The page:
The Southbound quota (Shanghai to Hong Kong) on the other hand is currently RMB14.9bn compared to a total quota of RMB250bn and while the retail flows are lower, they are having an impact according to Yoo. “In the last hour of daily trading in HK, there is a noticeable spike in volume. That is from Southbound investors trading on the HK market when mainland stock markets have already closed for the day.”

Patrick Wong from HSBC made the point that we can view activity of QFII and RQFII as a proxy for Northbound flows and QDII for Southbound. That would suggest Northbound flows should prove more popular than Southbound for some time, as the level of activity on QFII has been increasing while demand for QDII has decreased in recent years. He believes Southbound can be boosted over time with better investor education, relaxation of some limits to allow more retail investors and by widening the list of stocks these investors can buy in Hong Kong.

Overcoming the challenges for UCITS

Contrary to recent suggestions made in the press, the challenges faced regarding UCITS products and their use of Stock Connect is consistent across all domiciles that have yet to be resolved. Christine Wong of HKE outlined those key issues that are preventing UCITS funds from participating and thanked the IFIA for the proactive consultation which has allowed them to identify and publish an FAQ which can be found here.

Wong also noted that the HKE has been in dialogue with the Central Bank of Ireland (CBI) and at this point it’s important to give the CBI, custodians and depositories the time to gain comfort around the ideas outlined before submitting applications. Michelle Lloyd from Maples & Calder made it clear the CBI is in exactly the same situation as the Luxembourg regulator, and that it is in principle ready for applications subject to the same issues being addressed.

Hurdles do not just apply to the regime and UCITS regulations though according to Dean Chisholm, Invesco. He also highlighted the significant work fund managers need to do in terms of documentation, KIID and risk procedures before they can launch Stock Connect funds. “Funds need to update their investor prospectus and KIID documents. It would be better for everybody if Shenzhen came sooner rather than later so documentation only needs to be updated once”.

Wong confirmed the Exchange is already working on a Shenzhen Connect project, but there is no firm timing. The two Connect programmes should follow similar rules where possible to minimize further complexities.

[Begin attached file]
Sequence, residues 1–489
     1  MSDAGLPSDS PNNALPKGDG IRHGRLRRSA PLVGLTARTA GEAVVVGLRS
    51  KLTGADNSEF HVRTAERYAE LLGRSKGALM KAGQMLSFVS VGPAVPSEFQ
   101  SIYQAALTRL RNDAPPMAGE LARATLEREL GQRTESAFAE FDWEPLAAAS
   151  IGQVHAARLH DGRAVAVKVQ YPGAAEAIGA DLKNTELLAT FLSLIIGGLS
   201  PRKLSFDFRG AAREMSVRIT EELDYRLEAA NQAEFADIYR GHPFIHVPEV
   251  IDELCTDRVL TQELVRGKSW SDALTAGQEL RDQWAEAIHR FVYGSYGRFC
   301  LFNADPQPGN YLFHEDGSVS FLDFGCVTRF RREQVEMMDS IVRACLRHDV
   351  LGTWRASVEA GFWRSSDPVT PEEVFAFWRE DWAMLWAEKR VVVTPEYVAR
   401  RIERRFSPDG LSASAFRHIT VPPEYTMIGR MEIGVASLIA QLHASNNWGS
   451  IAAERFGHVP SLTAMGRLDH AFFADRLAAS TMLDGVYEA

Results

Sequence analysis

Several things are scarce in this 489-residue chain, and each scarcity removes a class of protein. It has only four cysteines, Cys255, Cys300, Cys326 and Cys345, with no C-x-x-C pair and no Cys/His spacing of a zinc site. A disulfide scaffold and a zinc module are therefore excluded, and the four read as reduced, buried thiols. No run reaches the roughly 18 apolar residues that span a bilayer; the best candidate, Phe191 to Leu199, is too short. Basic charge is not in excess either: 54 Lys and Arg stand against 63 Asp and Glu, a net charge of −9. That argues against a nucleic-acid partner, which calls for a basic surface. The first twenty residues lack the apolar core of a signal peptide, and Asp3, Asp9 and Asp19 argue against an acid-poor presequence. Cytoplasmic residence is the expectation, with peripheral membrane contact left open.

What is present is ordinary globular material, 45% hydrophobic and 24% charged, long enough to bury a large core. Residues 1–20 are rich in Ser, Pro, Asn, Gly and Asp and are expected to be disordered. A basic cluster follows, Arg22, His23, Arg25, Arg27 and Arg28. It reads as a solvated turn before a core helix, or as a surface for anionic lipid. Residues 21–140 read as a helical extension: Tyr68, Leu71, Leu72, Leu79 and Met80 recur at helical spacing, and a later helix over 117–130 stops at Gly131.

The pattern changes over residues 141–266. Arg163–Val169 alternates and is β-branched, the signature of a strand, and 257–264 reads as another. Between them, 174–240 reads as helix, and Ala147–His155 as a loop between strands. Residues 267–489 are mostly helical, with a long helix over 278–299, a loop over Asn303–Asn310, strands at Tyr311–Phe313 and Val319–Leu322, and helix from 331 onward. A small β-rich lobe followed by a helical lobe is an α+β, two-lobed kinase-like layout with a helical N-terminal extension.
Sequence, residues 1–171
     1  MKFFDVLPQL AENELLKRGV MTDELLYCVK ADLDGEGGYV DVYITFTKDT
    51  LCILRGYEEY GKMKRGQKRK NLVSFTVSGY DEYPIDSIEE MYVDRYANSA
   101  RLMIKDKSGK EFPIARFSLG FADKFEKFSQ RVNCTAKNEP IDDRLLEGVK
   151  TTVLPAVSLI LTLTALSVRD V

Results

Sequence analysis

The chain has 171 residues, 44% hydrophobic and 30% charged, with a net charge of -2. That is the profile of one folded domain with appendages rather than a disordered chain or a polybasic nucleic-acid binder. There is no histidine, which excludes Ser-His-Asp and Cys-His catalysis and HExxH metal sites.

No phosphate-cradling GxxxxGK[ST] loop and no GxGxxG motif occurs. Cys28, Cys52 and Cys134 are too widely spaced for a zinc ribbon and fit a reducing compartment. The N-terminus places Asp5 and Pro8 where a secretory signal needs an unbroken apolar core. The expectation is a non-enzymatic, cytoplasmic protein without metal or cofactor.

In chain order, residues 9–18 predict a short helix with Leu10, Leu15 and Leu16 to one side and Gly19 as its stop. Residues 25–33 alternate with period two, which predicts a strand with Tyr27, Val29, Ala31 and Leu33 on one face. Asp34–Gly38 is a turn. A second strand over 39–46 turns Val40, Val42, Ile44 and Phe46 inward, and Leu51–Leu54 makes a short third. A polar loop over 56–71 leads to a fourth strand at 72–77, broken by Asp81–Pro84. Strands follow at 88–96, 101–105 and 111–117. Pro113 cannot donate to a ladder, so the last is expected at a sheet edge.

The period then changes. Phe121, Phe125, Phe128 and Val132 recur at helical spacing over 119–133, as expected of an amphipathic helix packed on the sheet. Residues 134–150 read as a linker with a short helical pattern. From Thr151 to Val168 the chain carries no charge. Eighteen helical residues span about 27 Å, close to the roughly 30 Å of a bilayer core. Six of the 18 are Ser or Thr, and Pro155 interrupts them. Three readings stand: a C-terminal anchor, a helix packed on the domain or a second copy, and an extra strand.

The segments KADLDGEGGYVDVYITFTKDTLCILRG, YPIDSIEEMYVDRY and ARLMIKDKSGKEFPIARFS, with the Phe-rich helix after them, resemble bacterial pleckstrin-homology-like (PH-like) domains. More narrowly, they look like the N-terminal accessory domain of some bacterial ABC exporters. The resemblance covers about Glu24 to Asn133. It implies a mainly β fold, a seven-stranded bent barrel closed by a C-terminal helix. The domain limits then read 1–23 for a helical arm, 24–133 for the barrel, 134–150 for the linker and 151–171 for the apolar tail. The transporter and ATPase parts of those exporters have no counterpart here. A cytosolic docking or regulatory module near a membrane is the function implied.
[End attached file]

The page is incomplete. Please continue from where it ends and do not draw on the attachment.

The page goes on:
Dean also suggested. “It is no surprise long only funds aren’t involved as their prospectuses are normally updated twice a year to be submitted to the regulator. Nobody was in a position to even start this work until December, so it will still take some time for the documents to be adjusted”.

“The feedback from the CBI is focused on eligibility and the safekeeping of assets. The board of directors of the fund need to determine eligibility and it’s up to the custodian to assure the CBI that is has confidence on the safekeeping of assets” said Michelle Lloyd from Maples and Calder and confirmed that custodians are not doing this independently, 

“There is a working group of custodians and depositories at the IFIA In Dublin who will all make a joint submission to the CBI once they are comfortable with risk factors”. Lloyd also confirmed that the CBI is in the same position as Luxembourg, once they get a letter from custodians saying they have confidence on the safekeeping of assets, the CBI will be ready to approve funds.

In closing, Jeremy Ngai tax partner at PWC suggested the temporary relief on tax for Stock Connect is a strong positive. While some investors worry what will happen after the temporary relief ends, he pointed out that most tax announcements introduced in China are announced as temporary measures, so the tax relief should continue into the future.

The IFIA would like to thank all the speakers and participants for making the event so successful and thought provoking.

Conor O’Mara, IFIA Representative, Hong Kong